This political cartoon appeared on the front page of the Portland Telegram days before Oregon’s voters passed the compulsory public school attendance bill in the 1922 general election. It utilized the imagery of the melting pot, a device proponents used in their campaign literature to suggest that public schools would …
Young Cadets Drill at Hill Military Academy
This ca. 1920 photograph shows students on the campus of the Hill Military Academy in northwest Portland.
Private schools have a long history in Oregon, where religious denominations founded most of the earliest schools. They continued to thrive while the state-funded public school system grew during the late 19th and early 20th centuries. Early on, many of the private academies, including the Hill Military Academy, were open only to boys.
In 1901, Joseph Wood Hill founded the Hill Military Academy, modeling it after other military academies around the nation that were popular before and after the turn of the century. He believed that school uniforms, military drills, and discipline taught boys obedience, respect, and self-restraint. Hill, who had previously been the headmaster of the Portland’s Episcopal Bishop Scott Academy, included Christian instruction at his school. Many educators of that era saw no dichotomy between Christian teachings, military-style training, and education.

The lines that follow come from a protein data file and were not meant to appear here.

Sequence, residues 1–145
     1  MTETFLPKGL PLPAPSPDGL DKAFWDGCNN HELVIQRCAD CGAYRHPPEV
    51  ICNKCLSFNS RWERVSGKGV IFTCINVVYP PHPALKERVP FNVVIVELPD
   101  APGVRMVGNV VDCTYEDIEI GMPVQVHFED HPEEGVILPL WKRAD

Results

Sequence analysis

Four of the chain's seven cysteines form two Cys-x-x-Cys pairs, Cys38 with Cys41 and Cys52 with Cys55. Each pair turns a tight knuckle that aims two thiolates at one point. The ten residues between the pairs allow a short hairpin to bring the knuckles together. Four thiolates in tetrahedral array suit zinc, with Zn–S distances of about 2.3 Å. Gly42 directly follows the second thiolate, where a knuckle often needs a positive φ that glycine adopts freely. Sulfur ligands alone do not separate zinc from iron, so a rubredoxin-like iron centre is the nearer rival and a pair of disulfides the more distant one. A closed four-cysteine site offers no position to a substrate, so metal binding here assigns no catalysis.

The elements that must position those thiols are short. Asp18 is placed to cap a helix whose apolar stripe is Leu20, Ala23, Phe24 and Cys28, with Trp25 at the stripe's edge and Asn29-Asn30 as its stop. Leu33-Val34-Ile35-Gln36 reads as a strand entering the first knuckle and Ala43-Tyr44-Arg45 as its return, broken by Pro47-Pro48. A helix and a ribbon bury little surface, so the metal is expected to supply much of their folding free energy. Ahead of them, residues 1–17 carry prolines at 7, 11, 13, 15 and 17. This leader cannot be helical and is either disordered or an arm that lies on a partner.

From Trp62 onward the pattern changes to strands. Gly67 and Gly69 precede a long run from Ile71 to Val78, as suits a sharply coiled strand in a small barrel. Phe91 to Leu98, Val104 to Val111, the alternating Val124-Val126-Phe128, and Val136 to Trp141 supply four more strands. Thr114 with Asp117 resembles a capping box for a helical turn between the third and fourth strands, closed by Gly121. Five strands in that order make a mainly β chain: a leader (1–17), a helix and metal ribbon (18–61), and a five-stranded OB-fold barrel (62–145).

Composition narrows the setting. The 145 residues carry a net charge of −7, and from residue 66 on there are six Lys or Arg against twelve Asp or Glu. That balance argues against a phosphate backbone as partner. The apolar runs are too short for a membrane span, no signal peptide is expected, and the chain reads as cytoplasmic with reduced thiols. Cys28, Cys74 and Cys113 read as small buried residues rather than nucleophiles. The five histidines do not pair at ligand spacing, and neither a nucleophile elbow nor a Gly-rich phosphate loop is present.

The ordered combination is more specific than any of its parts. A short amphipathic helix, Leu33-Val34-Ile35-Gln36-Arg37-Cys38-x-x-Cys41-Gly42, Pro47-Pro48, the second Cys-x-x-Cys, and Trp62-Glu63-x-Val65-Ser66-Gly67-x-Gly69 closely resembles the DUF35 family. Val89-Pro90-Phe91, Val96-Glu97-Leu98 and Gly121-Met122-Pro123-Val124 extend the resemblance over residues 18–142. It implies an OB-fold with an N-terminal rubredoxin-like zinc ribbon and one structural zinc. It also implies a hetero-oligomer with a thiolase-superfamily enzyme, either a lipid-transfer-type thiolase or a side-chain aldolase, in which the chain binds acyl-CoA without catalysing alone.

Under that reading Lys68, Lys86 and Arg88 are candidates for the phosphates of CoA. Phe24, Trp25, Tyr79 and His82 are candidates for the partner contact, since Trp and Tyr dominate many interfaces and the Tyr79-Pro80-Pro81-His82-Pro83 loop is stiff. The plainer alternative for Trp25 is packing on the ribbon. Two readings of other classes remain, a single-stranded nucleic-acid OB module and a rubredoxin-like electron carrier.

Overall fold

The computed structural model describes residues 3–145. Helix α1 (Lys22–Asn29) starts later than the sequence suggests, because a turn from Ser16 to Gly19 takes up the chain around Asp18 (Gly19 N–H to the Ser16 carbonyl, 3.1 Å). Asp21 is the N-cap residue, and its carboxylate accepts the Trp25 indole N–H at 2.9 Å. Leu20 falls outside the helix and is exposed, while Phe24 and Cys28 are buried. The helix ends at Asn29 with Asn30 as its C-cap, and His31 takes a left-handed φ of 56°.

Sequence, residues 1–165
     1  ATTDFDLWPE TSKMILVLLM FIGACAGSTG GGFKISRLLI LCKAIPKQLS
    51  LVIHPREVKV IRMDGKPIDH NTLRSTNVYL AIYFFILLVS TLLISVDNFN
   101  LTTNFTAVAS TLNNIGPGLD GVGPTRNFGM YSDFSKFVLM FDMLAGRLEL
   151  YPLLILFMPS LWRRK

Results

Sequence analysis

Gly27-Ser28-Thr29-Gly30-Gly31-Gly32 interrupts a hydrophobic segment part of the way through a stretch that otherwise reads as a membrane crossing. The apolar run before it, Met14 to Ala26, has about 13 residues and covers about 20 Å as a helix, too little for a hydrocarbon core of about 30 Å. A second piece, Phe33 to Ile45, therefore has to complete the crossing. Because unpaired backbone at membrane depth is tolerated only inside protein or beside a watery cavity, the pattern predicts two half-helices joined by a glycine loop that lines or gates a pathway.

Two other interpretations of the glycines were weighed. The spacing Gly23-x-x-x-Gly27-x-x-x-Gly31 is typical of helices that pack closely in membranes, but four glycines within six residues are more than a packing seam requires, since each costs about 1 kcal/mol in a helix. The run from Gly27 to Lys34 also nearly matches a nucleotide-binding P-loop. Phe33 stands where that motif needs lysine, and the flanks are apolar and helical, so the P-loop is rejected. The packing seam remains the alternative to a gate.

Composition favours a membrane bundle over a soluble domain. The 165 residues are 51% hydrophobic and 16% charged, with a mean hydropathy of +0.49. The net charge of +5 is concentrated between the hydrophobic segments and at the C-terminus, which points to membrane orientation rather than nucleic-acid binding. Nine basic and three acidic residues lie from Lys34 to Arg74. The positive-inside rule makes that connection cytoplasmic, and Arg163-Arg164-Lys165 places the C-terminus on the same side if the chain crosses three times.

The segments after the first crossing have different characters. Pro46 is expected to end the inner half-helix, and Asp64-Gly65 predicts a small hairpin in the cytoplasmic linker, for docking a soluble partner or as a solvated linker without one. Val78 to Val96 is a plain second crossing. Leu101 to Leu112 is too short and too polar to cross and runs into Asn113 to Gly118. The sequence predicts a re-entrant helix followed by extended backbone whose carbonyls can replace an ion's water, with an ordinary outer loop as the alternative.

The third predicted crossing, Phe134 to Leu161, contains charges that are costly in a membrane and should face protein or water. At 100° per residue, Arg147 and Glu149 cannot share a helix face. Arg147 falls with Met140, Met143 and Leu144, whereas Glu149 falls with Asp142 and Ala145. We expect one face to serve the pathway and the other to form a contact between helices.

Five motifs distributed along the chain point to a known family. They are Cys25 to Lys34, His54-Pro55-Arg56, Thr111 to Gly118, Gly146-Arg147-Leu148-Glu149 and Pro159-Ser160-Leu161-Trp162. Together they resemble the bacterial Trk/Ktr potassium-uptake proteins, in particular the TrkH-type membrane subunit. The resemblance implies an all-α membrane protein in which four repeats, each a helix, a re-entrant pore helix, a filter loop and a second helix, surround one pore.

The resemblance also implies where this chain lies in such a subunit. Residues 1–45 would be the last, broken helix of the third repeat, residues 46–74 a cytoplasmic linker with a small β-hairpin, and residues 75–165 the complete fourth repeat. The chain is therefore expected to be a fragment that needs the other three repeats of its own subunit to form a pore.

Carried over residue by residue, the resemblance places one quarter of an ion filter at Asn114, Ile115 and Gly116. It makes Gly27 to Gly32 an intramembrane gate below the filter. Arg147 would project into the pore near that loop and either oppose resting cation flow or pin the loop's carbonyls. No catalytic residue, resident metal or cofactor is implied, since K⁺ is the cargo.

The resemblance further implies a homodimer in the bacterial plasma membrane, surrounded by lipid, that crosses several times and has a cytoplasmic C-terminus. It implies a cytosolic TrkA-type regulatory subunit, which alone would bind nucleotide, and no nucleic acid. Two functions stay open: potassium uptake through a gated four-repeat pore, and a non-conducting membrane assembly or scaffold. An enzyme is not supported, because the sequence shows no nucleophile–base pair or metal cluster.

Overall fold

In 1931, the Hill Military Academy moved from the northwest district to Rocky Butte in eastern Portland. The school closed in the 1950s after years of declining enrollments.
Matson, Robert W. “Joseph Wood Hill: ‘Civilian Soldier’ in Education and Politics.” Oregon Historical Quarterly 90, 1989: 4-38.
Written by Kathy Tucker, Oregon Historical Society, 2002.
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This entry was last updated on May 28, 2020